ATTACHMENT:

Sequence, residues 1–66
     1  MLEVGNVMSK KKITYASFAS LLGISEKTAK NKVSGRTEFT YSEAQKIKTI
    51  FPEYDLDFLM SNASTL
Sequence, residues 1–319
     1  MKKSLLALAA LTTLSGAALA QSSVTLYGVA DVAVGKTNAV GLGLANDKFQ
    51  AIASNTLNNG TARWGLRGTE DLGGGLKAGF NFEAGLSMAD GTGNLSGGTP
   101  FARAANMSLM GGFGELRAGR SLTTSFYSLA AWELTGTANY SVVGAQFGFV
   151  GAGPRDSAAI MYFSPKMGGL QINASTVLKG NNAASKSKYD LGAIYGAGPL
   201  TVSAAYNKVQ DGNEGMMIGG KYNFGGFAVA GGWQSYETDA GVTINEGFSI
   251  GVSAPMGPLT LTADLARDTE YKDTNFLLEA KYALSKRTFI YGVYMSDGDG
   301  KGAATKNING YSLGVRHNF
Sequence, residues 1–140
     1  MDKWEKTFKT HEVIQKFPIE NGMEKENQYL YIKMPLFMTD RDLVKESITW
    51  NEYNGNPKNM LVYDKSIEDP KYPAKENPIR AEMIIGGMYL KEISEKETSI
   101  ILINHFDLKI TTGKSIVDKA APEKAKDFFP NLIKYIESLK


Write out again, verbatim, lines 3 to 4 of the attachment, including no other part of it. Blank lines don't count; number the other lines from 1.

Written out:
    51  FPEYDLDFLM SNASTL
Sequence, residues 1–319